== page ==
S 171 Contract Act – Bank cannot keep title deeds after repayment of loan on grounds of expectation of another loan: Bombay High Court
A bank cannot keep the title deeds to a borrower’s home after a loan is repaid, citing a general lien on the documents, simply because of the expectation of another loan, said the High Bombay Court.
The bench partially cleared a borrower’s writ petition and ordered Union Bank of India to hand over title deeds to his apartment despite collection proceedings, for another unpaid loan by the petition company, pending before the DRT.
A dividing bench of Justice AS Chandurkar and Urmila Joshi Phalke observed that the bank’s general lien on collateral (title deed) under Section 171 of the Indian Contracts Act would not apply after the loan account is closed.
Indeed, a general lien is inadmissible in the absence of a contract. And the closing of the loan account terminates the contract, as well as the bank-client relationship.
The Court observed:
“… the documents on file show that the applicant has paid in full the debt in respect of the loan which he obtained in his individual capacity to purchase the apartment. The said loan transaction has therefore ended, , the Banker-customer relationship between the Petitioner and the Respondent regarding the relevant loan account ended because he repaid the amount The banker-customer relationship could not have continued when the petitioner repaid the amount on 31/05 2021 as the entire loan account is satisfied.The said transaction has been completed and there is no longer a relationship between the petitioner and the Bank as banker and client In such circumstances, Respondent-Bank’s assertion that it was exercising the right of general lien under Section 171 of the said Act is not enduring.”
“The act of the bank is not justifiable. Therefore, for the reasons recorded, we have no hesitation in considering that the respondent bank has no general lien on the title deeds filed by the petitioner after that the total amount of the loan has been fully satisfied by the petitioner,” observed the court.
The petitioner had borrowed Rs 21 lakhs from the bank payable in 300 installments in 2011, and kept his apartment as collateral. Subsequently, a company of which he was a director and personal guarantor also took out a loan from the same bank. However, the company went into liquidation.
Due to the financial crisis, he decided to sell the apartment and repay his personal loan and requested the NOC from the bank for the same. After selling the apartment, the borrower closed his personal loan account, but the bank refused to return the title deeds to his apartment, which were to be given to the new owner of the apartment.
Bank employees claimed they did not have permission from their superiors to release the documents, forcing the borrower to go to the Bombay High Court.
In court, the bank claimed that the borrower should have approached the DRT. In addition, the bank had also contacted the DRT and the seizure of the petitioner’s property concerning the second loan for which he is guarantor.
The bank said it was justified in enforcing general lien clause u/s 171 of the Contracts Act and retaining the title deeds for the DRT proceeding.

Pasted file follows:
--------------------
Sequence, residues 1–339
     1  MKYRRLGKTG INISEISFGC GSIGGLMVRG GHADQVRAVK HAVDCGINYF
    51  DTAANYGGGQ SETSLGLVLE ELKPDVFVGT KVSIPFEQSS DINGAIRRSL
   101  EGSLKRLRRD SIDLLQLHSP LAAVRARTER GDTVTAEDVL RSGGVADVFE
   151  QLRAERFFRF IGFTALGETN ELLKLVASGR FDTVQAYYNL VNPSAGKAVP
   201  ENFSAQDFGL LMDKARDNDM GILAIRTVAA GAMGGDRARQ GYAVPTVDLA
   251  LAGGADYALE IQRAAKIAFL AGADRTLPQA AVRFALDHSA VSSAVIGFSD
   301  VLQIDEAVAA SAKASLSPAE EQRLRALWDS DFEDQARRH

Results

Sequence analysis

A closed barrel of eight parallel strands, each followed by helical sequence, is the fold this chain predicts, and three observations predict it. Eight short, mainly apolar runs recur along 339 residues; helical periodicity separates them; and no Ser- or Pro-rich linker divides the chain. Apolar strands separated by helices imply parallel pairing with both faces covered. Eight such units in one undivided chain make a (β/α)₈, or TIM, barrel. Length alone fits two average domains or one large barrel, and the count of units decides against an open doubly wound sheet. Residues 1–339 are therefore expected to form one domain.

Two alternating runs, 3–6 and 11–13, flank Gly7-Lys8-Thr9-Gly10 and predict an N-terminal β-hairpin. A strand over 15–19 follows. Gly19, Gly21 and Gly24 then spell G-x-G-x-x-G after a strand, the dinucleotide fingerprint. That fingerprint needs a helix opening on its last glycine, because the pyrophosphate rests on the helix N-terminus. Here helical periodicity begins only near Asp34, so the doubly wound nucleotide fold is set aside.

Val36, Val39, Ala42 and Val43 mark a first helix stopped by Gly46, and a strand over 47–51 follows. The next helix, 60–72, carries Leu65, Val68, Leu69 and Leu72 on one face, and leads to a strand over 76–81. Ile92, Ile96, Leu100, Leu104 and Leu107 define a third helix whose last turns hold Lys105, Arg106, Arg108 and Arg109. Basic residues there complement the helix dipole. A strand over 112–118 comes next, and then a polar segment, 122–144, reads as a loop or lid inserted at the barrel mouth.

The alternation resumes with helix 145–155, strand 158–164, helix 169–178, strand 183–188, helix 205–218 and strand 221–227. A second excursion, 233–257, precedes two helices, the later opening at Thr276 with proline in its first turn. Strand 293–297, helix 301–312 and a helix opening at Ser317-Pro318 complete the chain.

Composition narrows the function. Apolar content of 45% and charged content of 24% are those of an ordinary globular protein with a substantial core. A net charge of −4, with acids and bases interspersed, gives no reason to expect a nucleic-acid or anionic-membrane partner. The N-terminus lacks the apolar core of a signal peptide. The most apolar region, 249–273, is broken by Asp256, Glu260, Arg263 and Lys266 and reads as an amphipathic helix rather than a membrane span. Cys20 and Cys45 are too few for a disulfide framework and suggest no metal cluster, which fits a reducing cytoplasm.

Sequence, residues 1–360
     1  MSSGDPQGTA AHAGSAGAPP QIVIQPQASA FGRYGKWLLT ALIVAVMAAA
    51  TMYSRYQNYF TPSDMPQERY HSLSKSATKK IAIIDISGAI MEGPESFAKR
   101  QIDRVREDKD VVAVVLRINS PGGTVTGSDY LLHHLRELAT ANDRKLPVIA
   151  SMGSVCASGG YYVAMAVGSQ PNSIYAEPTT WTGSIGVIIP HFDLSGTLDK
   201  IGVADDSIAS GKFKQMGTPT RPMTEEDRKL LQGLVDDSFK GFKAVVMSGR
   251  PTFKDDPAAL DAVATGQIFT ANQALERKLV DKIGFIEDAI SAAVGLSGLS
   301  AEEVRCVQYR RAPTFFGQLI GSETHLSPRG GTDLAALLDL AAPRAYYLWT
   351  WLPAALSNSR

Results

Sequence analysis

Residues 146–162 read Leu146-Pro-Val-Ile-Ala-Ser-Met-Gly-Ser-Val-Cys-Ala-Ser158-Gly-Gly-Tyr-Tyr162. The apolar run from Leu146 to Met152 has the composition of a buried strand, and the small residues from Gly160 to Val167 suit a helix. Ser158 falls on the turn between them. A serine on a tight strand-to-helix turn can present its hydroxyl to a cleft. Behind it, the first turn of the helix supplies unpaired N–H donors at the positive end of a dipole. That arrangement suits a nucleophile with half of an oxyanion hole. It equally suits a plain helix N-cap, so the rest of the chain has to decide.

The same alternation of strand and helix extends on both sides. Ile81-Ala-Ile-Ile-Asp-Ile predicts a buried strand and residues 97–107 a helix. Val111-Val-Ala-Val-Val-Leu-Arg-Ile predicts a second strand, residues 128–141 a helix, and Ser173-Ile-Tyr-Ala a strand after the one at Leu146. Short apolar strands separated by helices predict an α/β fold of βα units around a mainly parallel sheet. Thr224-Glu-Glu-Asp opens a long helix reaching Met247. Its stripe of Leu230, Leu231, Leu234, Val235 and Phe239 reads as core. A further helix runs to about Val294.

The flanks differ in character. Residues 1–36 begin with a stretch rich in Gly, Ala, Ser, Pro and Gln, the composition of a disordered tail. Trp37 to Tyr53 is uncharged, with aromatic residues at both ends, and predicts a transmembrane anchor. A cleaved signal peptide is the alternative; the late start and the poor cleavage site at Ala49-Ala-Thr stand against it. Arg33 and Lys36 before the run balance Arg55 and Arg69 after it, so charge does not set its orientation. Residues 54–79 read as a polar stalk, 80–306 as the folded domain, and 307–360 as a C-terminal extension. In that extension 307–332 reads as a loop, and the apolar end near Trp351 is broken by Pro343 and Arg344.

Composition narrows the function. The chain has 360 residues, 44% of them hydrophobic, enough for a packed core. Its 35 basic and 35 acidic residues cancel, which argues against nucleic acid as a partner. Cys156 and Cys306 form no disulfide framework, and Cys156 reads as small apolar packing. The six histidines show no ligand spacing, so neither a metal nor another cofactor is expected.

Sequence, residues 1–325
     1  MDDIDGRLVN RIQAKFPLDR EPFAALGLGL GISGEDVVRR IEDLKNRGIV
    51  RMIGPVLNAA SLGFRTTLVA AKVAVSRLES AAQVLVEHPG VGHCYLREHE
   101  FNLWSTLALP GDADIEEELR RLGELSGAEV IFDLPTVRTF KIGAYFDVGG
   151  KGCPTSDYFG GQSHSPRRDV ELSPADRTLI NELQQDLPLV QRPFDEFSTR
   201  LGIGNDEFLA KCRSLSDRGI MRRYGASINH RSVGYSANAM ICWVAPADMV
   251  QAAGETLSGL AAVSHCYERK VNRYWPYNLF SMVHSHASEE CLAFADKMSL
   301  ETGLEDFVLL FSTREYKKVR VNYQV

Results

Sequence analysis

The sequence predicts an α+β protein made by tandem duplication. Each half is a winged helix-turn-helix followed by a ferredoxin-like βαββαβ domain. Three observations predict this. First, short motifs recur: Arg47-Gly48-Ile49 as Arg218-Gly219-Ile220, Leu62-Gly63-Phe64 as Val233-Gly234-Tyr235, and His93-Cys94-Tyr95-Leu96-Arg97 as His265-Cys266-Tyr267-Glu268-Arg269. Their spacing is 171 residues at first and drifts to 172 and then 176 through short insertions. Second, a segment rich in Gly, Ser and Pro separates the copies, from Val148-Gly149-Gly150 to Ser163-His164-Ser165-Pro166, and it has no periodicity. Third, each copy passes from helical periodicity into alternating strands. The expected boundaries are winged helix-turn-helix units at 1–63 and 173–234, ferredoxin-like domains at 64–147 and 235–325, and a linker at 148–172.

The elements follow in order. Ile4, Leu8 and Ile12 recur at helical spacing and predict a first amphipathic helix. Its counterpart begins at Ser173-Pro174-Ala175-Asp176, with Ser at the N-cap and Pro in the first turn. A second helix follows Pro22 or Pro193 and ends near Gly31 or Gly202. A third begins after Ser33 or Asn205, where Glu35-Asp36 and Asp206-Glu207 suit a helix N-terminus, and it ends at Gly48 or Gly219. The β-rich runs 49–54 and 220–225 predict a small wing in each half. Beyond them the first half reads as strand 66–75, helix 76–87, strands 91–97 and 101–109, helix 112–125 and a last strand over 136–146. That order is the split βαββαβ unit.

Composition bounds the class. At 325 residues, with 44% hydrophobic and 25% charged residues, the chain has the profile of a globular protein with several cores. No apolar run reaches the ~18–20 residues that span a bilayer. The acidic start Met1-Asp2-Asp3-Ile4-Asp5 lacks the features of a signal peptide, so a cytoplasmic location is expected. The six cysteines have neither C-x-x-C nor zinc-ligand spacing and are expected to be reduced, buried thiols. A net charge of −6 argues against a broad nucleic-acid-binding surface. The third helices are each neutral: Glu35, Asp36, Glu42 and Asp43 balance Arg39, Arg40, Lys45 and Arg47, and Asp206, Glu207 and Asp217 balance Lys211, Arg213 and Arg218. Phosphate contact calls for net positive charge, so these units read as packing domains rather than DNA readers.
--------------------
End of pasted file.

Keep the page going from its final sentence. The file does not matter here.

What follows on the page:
However, the bench disagreed. The bench said the claimant had paid all his dues for the personal loan he had taken out to buy the apartment. With this, the loan transaction was terminated, therefore, the banker and client relationship between the Petitioner and the Respondent with respect to the relevant loan account, had ended.
“In such circumstances, the respondent bank’s assertion that it was exercising the right of general lien under Section 171 of the said Act is not tenable,” the court observed.
However, it considered that the bank was free to pursue its case before the Debt Recovery Tribunal but should release the title deeds to the applicant’s apartment given to the bank for the personal loan which had been repaid.
The Court observed:
“Admittedly, there was a relationship between the petitioner and the respondent as banker and client. It also appears from the pleadings that the title deed to the building in question was given to the respondent-Bank as Granted, the said loan amount is repaid by the applicant. Although the Respondent Bank has argued that there is another loan account against the Petitioner and the Bank has already filed an application with the Debt Recovery Court for the necessary orders, the Bank is free to act against the petitioner and other trustees to recover said loan. amount. Admittedly, the said guarantee was given on the amount of the loan which has already been paid by the petitioner. In such a situation, it is not open to the respondent Bank to continue to exercise its general lien on the security deposited with it, especially when the entire amount has been repaid. Such a general lien is not exercised for a general account balance as required by Section 171 of said Act. Moreover, it would not be open to the Bank to exercise its general lien on the securities under the pretext of the banker-client relationship. It cannot exercise such a general privilege under section 171 of the said law, so there is no justification for the respondent bank to keep the said documents in reliance on the provisions of section 171 of the said law”
Case Title: Mr Sunil v Union Bank of India
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